It’s funny what you miss when it’s gone. The first Mercedes-AMG C43 was a little left-field to really make a lasting impact when it was on sale, but it’s looked upon fondly by quite a few in the car enthusiast community.
Now, though, it’s back for the W206 generation of C-Class saloon and estate – and there’s only a quartet of cylinders…
It’s a four-cylinder now?
Yes, which may cause some grumbling for some. The old C43 was a hoot, thanks in part to its choral straight-six that was so loud that you’d think someone had decatted it straight out of Affalterbach. Now, though, the C43 has become another victim of Mercedes-AMG’s downsizing, lopping two cylinders off its technical specification sheet.
However, that four-cylinder is quite an engine in itself, given it’s the utterly bonkers mini nuclear reactor that also powers the A45 hyper hatch – a car we very much like. And, yes, while charisma isn’t as high up in its list of talents as the defunct six-cylinder’s, it still manages to do a stellar job of injecting some real thrill into the C-Class.
Sounds like AMG is skimping out on us….
Far from it, even if this isn’t the full fat 63 car. The C43 benefits from its own bespoke bodykit and wheel designs and four fat tailpipes sticking out of its backside on the outside, as well as AMG’s suite of driving technologies and tweakable modes as any other AMG does. Rear-wheel steering is standard now, the 4Matic all-wheel drive hardware is rear-biased at a fixed rate of 31 to 69 per cent, and there is now a 48v system on board which feeds the e-turbo and the belt-driven starter-generator.
Inside, the new and hot-ish C-class offers more space, comfort, refinement and technology than the previous generation; the sports seats are spot-on and the driving position suits all frames and postures. Even the standard UK trim (Premium) is good, offering Merc’s Digital Light matrix LED headlights, keyless go, electric memory seats, augmented-reality navigation, wireless charging and 360-degree parking aids out of the box.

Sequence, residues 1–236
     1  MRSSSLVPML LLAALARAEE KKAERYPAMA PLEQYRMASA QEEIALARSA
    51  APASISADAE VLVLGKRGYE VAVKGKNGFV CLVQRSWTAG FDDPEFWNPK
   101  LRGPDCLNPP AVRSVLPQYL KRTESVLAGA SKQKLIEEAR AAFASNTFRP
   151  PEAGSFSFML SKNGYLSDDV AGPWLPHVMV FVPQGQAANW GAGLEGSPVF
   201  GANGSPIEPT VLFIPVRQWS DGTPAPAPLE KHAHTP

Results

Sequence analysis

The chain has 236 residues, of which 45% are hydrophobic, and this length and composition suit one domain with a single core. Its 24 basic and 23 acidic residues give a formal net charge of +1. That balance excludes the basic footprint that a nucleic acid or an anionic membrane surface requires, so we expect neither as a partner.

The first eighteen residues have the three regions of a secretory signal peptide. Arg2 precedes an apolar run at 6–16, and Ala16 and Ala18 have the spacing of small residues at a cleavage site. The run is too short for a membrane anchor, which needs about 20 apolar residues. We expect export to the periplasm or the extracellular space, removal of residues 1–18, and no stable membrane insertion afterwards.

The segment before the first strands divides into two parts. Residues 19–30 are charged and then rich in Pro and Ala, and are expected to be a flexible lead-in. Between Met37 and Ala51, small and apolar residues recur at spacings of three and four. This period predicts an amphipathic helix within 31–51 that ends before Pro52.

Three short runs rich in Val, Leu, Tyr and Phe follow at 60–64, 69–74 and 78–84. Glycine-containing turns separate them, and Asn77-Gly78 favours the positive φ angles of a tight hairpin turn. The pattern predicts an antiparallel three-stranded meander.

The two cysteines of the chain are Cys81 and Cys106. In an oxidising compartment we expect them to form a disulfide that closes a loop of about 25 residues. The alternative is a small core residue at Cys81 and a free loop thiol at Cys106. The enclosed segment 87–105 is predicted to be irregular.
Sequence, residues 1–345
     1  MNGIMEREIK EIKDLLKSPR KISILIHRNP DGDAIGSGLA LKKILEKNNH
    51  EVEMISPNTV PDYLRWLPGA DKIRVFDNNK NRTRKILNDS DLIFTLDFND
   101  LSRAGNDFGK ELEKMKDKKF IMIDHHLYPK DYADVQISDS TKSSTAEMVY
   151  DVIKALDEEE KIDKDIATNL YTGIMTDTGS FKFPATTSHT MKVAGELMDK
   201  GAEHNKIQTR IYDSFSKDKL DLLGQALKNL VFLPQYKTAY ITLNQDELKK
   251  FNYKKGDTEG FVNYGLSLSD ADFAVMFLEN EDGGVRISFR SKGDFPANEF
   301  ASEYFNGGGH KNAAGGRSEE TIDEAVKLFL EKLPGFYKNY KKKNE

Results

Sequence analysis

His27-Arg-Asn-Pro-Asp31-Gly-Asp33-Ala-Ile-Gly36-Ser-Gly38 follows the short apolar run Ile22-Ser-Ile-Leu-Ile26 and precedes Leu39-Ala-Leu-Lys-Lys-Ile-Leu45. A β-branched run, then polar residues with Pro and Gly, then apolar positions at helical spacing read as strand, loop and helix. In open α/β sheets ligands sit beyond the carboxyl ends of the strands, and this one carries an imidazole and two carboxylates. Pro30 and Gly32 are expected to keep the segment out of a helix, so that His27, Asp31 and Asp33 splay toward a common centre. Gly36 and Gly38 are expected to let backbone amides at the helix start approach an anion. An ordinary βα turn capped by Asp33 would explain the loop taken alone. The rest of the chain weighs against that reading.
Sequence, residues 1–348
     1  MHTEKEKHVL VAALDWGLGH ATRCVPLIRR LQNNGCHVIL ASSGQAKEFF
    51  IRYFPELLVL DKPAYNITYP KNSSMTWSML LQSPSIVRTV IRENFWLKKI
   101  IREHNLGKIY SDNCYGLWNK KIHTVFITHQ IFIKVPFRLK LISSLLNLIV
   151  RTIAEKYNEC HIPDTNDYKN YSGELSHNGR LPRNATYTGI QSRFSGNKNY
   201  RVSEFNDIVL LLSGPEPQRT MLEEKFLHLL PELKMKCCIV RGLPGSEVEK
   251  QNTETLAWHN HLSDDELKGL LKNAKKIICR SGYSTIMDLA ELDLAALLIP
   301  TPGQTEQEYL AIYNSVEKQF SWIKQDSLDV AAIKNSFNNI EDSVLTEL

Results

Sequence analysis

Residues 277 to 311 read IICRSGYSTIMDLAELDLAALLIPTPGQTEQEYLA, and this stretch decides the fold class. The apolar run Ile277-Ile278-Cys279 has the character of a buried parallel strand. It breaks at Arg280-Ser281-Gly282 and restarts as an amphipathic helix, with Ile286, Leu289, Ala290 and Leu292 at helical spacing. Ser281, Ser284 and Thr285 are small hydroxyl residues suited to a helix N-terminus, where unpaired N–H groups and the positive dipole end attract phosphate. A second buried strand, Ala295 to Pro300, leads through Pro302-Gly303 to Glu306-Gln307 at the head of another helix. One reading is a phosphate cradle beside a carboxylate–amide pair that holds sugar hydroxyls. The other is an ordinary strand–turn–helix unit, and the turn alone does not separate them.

So… how does the AMG C43 drive?
The Hulk-like nature of that angry four-cylinder makes its presence known quickly – the C43 is a damn quick car, and not even that much slower than the previous-generation, V8-powered AMG C63. Acceleration feels relentless if, perhaps, not quite as rabid as in the A45. The extra weight (over the A45) and body shape help to restrain that anger, turning the unstable nuke into under the bonnet into something more akin to a laser-guided missile.
AMG engineers have also clearly made an effort to transform this potent four-cylinder into a properly sporty-sounding engine (albeit with a smidge of digital enhancement), with deep burbling grumbles and attuned higher notes as the revs build.
And, yes, while all that additional performance engineering adds weight (to the point that the weight-savings by downsizing have been all but negated), but the new C43 feels a little more neutral and thus a little less nose-heavy. It’s a car that you can be heavy-handed with and it’ll be forgiving in response, allowing you to confidently throw it into corners and it’ll spit you out the other end in relatively reasonable shape. It’s a behavioural characteristic not dissimilar to a VW Golf R – neutral but confidence inspiring, allowing you to cover more ground faster and faster.
The downsides? Well, the AMG-tuned suspension is super firm for a start, meaning generous feedback of anything but freshly-laid tarmac will be translated entirely up your backside. Then there’s the nine-speed auto that, frankly, at times barely knows whether it’s coming or going – particularly when crawling at low speeds or pulling up to a traffic light. It doesn’t particularly translate into a calming experience if you just want to get home after a long day, for example.
Verdict: Mercedes-AMG C43
Right from the moment you prod the starter button, you’re well aware the C43 is up for a laugh on your morning commute or more than capable of going cross country in record time – like it’s encouraging you to live a little. It’s fun, and gives the C-Class a bit of an edge without losing sight of the car’s base characteristics as a small exec saloon.
It’s not perfect – the dual-clutch gearbox is immensely clunky at low speeds and the suspension almost feels brittle – but it’s easy to get sucked into, and then enjoy, the performance on offer.